The Invisible Life of Ivan Isaenko is comic and staggeringly tragic, often both in a single sentence… Ivan Isaenko is one of the most surprising narrators I have encountered—witty, adolescent, well-read, at times quite vulgar, and confined to a life that seems nearly unlivable, until he discovers that even at Mazyr Hospital, love is possible. A grittier, Eastern European, more grown-up The Fault in Our Stars.”Eowyn Ivey, author of The Snow Child

“An extraordinarily brave and original debut. Ivan is an unforgettable narrator, and his story ripples with intelligence, humor, heartbreak, and humanity.”Carolina De Robertis, author of The Gods of Tango

Discussion Questions

1. Ivan lives a very detached and carefully managed existence. He does this so he doesn’t have to feel too much or worry about any surprises. What is it about Polina or his relationship with her that is able to change his most entrenched habits?

2. Many of the themes of this book have to do with our heart’s deepest values, those things that bring purpose and meaning to life and define how we want to be in the world. What are the core values that help guide your life?

3. Ivan seems to be both terrified and drawn to Polina because she is someone who can reflect his reality back to him. What does this mean for Ivan? What does this mean for us as human beings?

4. Ivan seems annoyed that Riddick is able to cure the hearthole children while the rest of the patients are left hanging in the breeze. He even quotes his hero Nabokov: “the world needs happy endings no matter how unethical.” Why does Ivan use this quote?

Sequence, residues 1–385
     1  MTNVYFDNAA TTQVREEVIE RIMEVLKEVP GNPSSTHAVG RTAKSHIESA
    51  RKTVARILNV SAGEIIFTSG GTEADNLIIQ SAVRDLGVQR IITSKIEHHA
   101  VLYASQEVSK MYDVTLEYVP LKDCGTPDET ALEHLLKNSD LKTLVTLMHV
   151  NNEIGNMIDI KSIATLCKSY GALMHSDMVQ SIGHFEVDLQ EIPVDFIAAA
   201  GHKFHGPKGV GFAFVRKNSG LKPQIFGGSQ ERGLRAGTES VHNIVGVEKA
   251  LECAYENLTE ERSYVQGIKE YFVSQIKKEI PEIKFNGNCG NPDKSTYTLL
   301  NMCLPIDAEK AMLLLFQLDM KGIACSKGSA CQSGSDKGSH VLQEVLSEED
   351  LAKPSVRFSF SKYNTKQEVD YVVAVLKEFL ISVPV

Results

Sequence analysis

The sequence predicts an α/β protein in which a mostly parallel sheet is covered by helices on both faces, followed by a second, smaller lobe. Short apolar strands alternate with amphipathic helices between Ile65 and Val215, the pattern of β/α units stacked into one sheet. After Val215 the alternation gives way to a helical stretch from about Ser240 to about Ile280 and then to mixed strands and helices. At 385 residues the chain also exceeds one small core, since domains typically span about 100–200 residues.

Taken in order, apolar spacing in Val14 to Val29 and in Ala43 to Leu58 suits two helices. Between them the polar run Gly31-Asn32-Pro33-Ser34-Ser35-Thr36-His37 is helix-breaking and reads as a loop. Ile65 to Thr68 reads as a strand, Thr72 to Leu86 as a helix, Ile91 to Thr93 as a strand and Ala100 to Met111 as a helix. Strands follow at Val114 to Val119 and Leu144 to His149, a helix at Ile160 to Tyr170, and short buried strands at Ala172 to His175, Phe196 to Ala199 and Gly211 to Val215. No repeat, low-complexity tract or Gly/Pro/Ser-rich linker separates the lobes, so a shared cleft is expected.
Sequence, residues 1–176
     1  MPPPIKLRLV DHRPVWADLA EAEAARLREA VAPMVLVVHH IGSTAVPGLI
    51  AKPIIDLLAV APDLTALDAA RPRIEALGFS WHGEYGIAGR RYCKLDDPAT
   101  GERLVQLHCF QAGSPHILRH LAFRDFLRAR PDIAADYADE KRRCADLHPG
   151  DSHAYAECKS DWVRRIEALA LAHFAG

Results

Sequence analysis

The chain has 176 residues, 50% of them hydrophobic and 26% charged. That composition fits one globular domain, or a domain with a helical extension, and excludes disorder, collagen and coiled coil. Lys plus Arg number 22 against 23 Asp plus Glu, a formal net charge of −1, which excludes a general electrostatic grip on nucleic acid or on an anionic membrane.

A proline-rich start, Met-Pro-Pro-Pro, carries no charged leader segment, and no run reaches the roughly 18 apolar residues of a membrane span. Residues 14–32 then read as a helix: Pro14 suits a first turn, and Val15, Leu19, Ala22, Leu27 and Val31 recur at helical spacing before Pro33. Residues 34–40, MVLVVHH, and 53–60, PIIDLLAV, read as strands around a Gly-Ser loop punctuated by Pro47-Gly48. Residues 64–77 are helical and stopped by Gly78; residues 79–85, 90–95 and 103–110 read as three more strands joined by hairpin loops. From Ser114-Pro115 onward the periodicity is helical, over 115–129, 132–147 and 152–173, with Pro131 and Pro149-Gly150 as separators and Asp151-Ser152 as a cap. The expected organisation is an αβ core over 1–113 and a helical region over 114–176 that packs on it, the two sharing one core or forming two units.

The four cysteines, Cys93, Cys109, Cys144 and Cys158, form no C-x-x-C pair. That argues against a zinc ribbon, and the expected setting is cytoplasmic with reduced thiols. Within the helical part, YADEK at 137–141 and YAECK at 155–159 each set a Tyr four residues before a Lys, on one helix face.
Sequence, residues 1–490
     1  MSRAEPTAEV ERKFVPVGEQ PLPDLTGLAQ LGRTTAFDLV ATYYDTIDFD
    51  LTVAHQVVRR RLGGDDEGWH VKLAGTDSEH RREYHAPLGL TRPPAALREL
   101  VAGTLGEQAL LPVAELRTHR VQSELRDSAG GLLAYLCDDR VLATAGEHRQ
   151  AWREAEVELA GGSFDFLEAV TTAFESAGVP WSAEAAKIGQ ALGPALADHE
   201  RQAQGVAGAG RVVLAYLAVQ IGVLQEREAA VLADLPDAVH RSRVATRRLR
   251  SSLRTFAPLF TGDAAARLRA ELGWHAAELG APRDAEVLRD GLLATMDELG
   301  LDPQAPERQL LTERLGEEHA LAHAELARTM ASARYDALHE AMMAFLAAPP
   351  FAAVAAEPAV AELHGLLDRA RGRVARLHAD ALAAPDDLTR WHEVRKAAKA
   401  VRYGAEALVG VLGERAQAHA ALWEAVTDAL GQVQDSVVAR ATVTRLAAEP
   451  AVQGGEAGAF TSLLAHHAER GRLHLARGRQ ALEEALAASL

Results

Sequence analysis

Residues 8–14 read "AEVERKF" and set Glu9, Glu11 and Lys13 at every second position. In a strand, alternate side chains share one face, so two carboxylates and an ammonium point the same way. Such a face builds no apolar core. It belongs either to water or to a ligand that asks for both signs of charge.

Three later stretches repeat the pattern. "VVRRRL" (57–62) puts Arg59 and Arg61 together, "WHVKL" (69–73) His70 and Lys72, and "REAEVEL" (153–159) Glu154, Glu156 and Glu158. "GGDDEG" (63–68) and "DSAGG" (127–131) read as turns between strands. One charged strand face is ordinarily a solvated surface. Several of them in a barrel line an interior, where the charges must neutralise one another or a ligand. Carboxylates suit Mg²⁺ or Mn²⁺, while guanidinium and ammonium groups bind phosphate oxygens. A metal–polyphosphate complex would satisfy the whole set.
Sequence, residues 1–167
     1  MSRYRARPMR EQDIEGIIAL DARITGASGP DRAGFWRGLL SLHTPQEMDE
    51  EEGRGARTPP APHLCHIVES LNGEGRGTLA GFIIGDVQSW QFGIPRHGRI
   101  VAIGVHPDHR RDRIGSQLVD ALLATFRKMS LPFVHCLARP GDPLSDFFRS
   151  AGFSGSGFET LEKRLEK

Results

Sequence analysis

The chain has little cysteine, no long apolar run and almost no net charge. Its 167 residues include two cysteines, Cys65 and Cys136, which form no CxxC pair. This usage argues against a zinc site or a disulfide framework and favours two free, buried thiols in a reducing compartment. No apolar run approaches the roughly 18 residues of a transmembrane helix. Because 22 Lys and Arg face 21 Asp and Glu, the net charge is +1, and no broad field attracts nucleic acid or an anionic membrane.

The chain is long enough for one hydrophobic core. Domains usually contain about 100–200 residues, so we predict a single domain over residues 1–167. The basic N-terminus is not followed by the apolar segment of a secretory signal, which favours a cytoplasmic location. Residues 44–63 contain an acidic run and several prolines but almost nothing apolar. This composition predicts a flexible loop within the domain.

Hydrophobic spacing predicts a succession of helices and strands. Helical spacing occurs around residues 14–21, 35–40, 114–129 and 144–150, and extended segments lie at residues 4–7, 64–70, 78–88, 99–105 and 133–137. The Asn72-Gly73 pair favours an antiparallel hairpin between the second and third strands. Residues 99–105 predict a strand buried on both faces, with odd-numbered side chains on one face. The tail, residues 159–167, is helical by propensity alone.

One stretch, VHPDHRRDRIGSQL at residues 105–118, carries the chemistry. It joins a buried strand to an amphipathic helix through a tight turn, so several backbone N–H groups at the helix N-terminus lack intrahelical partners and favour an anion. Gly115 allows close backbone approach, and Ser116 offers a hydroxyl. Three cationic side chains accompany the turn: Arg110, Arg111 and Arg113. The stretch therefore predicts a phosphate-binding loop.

5. At the end of the day, what can we learn about our world—and ourselves—from Ivan’s story?

Excerpt

PART ONE: The Count Up

Currently, the clock reads 11:50 in the P.M.

It is the second day of December.

The year is 2005.

I. The Anesthetization of Ivan Isaenko

Dear Reader, whom I do not know, who may never be, I write not for you but for me. I write because I can’t sleep. I write because Polina is dead.

Currently, I’m drunk from three capfuls of vodka on a three-day-empty stomach. I have Nurse Natalya to thank for this. She is the only one who knows what I’ve lost. She is the closest thing I’ve ever had to a mother, and I know she thinks of me as a son. Like any good mother, she watches over me. For the last two days, she’s checked on me every fifteen minutes. She checked on me seven times tonight, and every time I was wide awake. On the eighth time, she discreetly entered my room with a bottle of Stoli.

“Open your mouth, Ivan,” she said. “It’ll help you sleep.”

She poured a capful into my mouth, and I coughed and heaved. As she pulled away, I grabbed her arm and asked for another. Hesitantly, she produced another capful and emptied it down my throat.

“One more,” I demanded.